Five Presentation Techniques Not to Use as a Speaker

I hope you will learn some good presentation techniques by my pointing out what NOT to do when presenting. Remember the following are techniques to AVOID.

Be late for your presentation, or rush in at the last minute, just in time. This will convince the meeting planner and the audience members of how busy a person you are. You didn’t even have time to call them to let them know you were on the way. It will just make your arrival more dramatic and will also let them know how little you care about them or the impression you are making (or not making).

Don’t worry about your appearance. After all, they hired you for your expertise, not because of the way you look. You were in too much of a hurry to make sure that your clothes were pressed and your shoes were shined. Anyway, you are a creative person who doesn’t worry about looking sharp. Besides, the audience is dressed in casual attire, so why shouldn’t you? Even though we hate to believe it, their first impression of your sloppiness will remain as a lasting impression of you as a non-professional.

Start your presentation with a joke that has nothing to do with your topic. Isn’t this the time-tested formula that speakers have been using for years? How about an off-color joke, at that? That will really cement you as a far-from-professional presenter in their estimation. Or, if you don’t have a joke, you can always start with the lame opening, “It’s so nice to be here with you today.” That will knock them off their seats and get them to sit up and pay attention.

Become known for your large array of mannerisms and/or distracting habits. You can work to add many of these to your repertoire. Some habits to try are: filler words such as “um,” “er,” “you know,” pacing back and forth, swinging your arms, putting your hands in your pockets (jingling change will enhance this habit), picking at your clothes, wringing your hands, smoothing your hair, swaying from side to side, glancing at your watch continually, leaning on the lectern, putting your hand in front of your mouth, and laughing so hard at your own jokes you can’t continue. All of these are guaranteed to keep your audience from remembering anything you told them.

Do not pay attention to your voice and/or speed of speaking. After all, if you have meaningful information, it doesn’t matter, does it, if you speak in a monotone, or speed along so that you can fit it all into your limited time frame. Both of these techniques are guaranteed to cause your audience to “turn off” and take a needed rest. They may even thank you for the break.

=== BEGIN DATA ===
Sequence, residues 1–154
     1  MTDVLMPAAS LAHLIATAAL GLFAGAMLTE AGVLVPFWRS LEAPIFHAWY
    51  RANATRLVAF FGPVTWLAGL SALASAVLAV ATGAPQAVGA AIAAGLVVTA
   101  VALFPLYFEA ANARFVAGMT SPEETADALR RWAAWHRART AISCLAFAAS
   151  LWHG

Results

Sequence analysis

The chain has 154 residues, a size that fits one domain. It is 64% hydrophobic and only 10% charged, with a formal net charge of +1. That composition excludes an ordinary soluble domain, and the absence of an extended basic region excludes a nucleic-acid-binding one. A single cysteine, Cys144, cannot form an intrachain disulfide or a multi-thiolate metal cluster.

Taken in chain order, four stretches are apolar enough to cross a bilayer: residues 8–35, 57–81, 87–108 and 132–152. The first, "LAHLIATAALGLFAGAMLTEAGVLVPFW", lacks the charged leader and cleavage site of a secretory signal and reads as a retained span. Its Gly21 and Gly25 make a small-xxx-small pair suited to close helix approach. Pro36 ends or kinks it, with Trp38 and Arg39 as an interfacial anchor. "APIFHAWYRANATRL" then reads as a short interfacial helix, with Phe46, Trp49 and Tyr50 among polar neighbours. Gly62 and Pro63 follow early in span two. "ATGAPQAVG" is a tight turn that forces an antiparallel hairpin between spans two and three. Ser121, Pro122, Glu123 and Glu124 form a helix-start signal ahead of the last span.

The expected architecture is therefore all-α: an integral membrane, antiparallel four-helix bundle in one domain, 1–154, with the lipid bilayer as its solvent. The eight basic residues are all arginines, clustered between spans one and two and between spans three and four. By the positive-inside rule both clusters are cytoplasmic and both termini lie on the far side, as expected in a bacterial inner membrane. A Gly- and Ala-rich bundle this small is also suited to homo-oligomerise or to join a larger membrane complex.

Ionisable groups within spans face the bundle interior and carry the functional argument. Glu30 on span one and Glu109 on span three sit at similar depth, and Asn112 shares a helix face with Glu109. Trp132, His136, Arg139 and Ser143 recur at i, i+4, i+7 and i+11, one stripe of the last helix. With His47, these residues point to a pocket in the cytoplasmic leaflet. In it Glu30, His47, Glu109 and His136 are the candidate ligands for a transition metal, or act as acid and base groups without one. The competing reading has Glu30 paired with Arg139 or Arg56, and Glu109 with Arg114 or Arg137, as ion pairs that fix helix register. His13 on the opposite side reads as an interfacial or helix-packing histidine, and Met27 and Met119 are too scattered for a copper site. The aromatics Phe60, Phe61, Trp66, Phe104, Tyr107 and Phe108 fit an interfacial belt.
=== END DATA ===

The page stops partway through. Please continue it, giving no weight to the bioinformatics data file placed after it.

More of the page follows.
Banish all of the techniques that I have highlighted, and you will give presentations that listeners learn from and enjoy. And, you will be asked back!

Clear and Present Danger by Tom Clancy

CLEAR AND PRESENT DANGER is structured much like most of Clancy’s books. We’re told a large number of stories from different places and points of view. At first they seem unconnected, but the threads will come together by the end.

It may seem somewhat “risky” in that, although this is a Jack Ryan book, Ryan himself is off-stage until the final two hundred or so pages. He doesn’t even know what’s going on. But part of the plotting is to dramatize what he does when he finally does figure out the truth. But the “real” heroes of the book are Clark and Chavez.

Clark is a CIA op who’s appeared in previous Clancy novels. Chavez is a young, talented light infantry fighter.

The most obvious focus of the book is drugs and the Medellin Cartel of Columbia that imported so much cocaine into the United States.

The U.S. sends several small squads of light infantry fighters into the jungles of Columbia — of course without the permission or knowledge of the Colombian government. At first, their job is simply to spy on known airfields, radioing in the location of planes taking off. Eventually they attack processing centers.

In the meantime, a Coast Guard ship happens upon a small yacht just after two men have murdered its family of passengers. Using illegal, unorthodox and unlikely methods, they learn from the killers that the man was a laundering money for the Medellin Cartel, but had been caught skimming and was killed for that.

I’m not so sure such low-level killers would know that much info. I think they’d just be told, “Kill and get away.” Their legal odyssey dramatizes how drugs are impacting out court system. Their lawyer is as slimy as defense lawyers for drug cartel murderers can be — but from good-heartened, good-liberal motives. Their final fate shows how drugs and drug money are whittling away at both the bad and good guys in law enforcement.

Yet it’s with the upper most levels of the U.S. government that this novel is most concerned. And the possibility of people at that level sending soldiers such as Chavez into danger, and then pulling the plug on them to save their own political careers or just to keep themselves out of jail.